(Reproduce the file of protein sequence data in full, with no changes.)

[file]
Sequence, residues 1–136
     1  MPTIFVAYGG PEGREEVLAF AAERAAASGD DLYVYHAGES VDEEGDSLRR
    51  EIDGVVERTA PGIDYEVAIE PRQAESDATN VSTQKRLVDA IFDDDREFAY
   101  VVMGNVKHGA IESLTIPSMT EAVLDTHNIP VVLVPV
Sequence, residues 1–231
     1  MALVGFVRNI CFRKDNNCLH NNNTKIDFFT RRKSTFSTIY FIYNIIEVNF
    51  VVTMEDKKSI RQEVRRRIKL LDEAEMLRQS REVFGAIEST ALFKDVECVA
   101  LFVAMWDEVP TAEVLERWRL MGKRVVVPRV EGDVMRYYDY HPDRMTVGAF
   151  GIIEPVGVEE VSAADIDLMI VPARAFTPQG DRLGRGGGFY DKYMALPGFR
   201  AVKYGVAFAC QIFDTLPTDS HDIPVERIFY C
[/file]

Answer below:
Sequence, residues 1–136
     1  MPTIFVAYGG PEGREEVLAF AAERAAASGD DLYVYHAGES VDEEGDSLRR
    51  EIDGVVERTA PGIDYEVAIE PRQAESDATN VSTQKRLVDA IFDDDREFAY
   101  VVMGNVKHGA IESLTIPSMT EAVLDTHNIP VVLVPV
Sequence, residues 1–231
     1  MALVGFVRNI CFRKDNNCLH NNNTKIDFFT RRKSTFSTIY FIYNIIEVNF
    51  VVTMEDKKSI RQEVRRRIKL LDEAEMLRQS REVFGAIEST ALFKDVECVA
   101  LFVAMWDEVP TAEVLERWRL MGKRVVVPRV EGDVMRYYDY HPDRMTVGAF
   151  GIIEPVGVEE VSAADIDLMI VPARAFTPQG DRLGRGGGFY DKYMALPGFR
   201  AVKYGVAFAC QIFDTLPTDS HDIPVERIFY C